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MARSOC Marine Raiders | Complete Guide

Marine Special Operations Command, better known as MARSOC, officially came into existence on February 24, 2006. The institution of MARSOC and the Marine Raiders was the result of many years of effort.

Special Operations Command (SOCOM) was instituted in 1986. At the time, the Marine’s elite unit was known as Force Reconnaissance, they were the predecessors of MARSOC. Back then, Marine leadership did not want to join SOCOM, since they felt it would jeopardize Force Recon and its special capabilities under the direction of the Marine Corps. There was a sense that joining SOCOM would result in the downfall of the Marines as a whole.

After the 9/11 attacks, the sentiment towards SOCOM began to change. The importance and relevance of having a dedicated special operations unit attached to SOCOM became apparent for some. In an effort to join SOCOM, the Marines stood up a test unit, MCSOCOM Detachment 1, often simply referred to as Det 1.

Det 1 was stood up in June 2003. The unit was mostly Marines from the 1st and 2nd Force Reconnaissance Companies, along with other especially chosen Marines to fill support roles. Det 1 was deployed to Iraq in 2003 with Navy SEALs from Naval Special Warfare Group One. Over the next three years, Det 1 worked alongside other special operations units. SOCOM reviewed Det 1’s performance and was satisfied with the results. This segwayed into the official formation of MARSOC in 2006 and the standing down of Det 1.

In August of 2014, MARSOC took ownership of the Marine Raider title. The name originates from WWII. The Marine Raiders of WWII are said to have been the first U.S. special operations unit. During the war, these raiders specialized in small-unit, light infantry, amphibious warfare. They were able to penetrate deep behind enemy lines on the Pacific islands. In WWII, the Raiders’ special title, and categorization of being an elite unit, brought some resentment from the rest of the Marine force. Due to the Marines” shifting tactics of implementing large, amphibious assaults, the Raiders’ mission was deemed no longer relevant, and they were disbanded in January of 1944.

Today, MARSOC’s Raiders have become a formidable and highly specialized special operations force. They specialize in Direct Action, Special Reconnaissance, Counter-Terrorism, and Foreign Internal Defense. They train and fight from air, land, and sea. Since MARSOC’s inception, the unit has conducted over 300 deployments to 13 countries.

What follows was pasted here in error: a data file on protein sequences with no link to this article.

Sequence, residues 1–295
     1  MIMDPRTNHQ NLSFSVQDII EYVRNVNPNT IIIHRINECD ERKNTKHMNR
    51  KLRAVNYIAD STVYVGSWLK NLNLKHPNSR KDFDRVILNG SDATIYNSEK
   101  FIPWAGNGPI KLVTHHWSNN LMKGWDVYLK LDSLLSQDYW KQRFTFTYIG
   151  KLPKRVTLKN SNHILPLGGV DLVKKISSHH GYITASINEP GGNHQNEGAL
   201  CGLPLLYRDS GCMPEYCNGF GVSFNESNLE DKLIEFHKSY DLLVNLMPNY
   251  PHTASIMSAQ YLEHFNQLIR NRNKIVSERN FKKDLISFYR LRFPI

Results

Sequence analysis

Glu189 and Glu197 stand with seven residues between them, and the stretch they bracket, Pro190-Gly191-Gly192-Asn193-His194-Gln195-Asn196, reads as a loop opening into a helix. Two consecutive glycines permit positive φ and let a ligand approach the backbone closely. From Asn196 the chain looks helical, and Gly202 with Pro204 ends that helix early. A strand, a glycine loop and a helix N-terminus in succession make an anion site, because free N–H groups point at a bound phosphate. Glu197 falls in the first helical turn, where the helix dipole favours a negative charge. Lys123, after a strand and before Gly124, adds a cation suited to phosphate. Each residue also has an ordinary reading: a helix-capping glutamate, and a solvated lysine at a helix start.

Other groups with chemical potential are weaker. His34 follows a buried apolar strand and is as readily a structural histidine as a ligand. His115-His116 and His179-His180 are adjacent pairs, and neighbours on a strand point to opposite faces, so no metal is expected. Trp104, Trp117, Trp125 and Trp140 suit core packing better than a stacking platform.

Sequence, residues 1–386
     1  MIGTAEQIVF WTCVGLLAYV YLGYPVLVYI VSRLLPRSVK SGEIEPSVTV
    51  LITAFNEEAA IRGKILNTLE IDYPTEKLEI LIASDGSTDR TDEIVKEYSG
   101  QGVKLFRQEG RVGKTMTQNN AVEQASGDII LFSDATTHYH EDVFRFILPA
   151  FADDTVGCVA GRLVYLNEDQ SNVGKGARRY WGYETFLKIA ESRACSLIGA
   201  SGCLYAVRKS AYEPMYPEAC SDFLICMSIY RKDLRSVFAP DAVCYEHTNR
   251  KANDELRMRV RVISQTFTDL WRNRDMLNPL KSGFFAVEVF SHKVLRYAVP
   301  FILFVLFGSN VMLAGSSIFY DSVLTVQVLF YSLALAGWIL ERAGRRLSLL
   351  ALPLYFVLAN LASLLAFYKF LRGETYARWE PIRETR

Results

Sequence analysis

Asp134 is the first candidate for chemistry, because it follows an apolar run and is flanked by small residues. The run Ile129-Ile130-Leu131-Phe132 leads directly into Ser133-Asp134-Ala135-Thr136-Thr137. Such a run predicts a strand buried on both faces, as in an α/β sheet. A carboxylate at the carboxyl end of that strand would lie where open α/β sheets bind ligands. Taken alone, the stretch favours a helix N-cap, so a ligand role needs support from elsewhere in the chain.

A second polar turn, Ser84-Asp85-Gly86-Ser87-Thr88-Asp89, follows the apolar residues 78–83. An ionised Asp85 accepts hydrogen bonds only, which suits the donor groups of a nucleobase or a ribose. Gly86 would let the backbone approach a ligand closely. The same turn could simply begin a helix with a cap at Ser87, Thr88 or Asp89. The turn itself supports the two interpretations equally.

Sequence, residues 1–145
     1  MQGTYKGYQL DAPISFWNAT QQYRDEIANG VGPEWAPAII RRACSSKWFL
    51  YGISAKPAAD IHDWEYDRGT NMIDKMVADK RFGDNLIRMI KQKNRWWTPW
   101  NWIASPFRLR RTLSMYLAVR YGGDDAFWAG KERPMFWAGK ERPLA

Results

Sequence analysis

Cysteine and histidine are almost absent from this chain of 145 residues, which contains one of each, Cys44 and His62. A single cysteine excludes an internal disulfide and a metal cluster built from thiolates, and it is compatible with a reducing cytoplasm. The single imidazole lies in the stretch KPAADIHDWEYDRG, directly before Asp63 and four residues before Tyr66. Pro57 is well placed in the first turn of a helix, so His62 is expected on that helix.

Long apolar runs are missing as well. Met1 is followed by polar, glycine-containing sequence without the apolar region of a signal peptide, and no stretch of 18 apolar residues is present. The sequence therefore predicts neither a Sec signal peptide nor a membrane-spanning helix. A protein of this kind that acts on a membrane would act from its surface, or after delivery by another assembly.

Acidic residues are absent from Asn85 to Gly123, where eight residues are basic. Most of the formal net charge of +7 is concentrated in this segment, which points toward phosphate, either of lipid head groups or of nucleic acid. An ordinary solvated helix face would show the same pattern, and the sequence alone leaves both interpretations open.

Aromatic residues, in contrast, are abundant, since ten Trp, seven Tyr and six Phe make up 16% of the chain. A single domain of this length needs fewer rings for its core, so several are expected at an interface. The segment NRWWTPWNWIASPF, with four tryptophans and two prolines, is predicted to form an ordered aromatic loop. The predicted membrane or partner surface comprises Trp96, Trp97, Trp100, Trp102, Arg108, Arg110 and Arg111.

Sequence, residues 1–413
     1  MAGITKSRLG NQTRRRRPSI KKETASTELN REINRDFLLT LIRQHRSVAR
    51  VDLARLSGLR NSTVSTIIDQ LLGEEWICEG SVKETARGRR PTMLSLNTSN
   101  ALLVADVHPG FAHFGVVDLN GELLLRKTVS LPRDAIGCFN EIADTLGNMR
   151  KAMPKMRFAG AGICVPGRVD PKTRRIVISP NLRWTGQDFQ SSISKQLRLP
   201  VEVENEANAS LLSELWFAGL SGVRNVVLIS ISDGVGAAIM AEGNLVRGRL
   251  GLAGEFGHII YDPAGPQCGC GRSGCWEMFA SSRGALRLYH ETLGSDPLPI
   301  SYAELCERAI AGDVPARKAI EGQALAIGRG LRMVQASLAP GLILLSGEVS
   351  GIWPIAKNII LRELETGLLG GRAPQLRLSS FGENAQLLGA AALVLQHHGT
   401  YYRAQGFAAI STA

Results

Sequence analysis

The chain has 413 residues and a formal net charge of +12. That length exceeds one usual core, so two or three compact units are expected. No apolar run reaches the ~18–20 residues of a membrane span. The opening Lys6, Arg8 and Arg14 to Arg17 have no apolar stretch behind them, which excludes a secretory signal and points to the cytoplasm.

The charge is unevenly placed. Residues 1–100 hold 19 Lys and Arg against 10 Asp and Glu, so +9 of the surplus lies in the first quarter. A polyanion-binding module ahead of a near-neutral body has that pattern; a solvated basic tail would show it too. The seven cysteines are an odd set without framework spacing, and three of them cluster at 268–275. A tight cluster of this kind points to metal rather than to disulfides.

A U.S. Marine Corps CH-53E Super Stallion is staged during a Marine Corps Forces Special Operations Command night raid exercise at Tactical Air Combat Training System Airfield, near Yuma, April 21, 2016. This exercise was conducted during Weapons and Tactics Instructor (WTI) course 2-16. WTI is a seven week training event hosted by Marine Aviation Weapons and Tactics Squadron One (MAWTS-1) cadre. MAWTS-1 provides standardized advanced tactical training and certification of unit instructor qualifications to support Marine Aviation Training and Readiness and assists in developing and employing aviation weapons and tactics. (U.S. Marine Corps photo by Lance Cpl. Zachary M. Ford, MAWTS-1 COMCAM/ Released)

Joining MARSOC

To join MARSOC, an individual must first enter the conventional Marines. MARSOC has an enlisted route and an officer route. Enlisted Raider members are known as Critical Skills Operators (CSOs) and the officers are Special Operations Officers (SOOs).

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 To enter the MARSOC pipeline as a CSO, an individual must meet the following requirements: 

  •   Must be able to obtain a Secret security clearance
  •   Achieve a minimum GT score of at least 105
  •   Earn a minimum score of 235 on the PFT
  •   Have no more than two Non-Judicial Punishment events on current enlistment
  •   Pass MARSOC’s swim assessment
  •   Be eligible for reenlistment
  •   Meet MARSOC’s medical screening requirements
  •   Have no…

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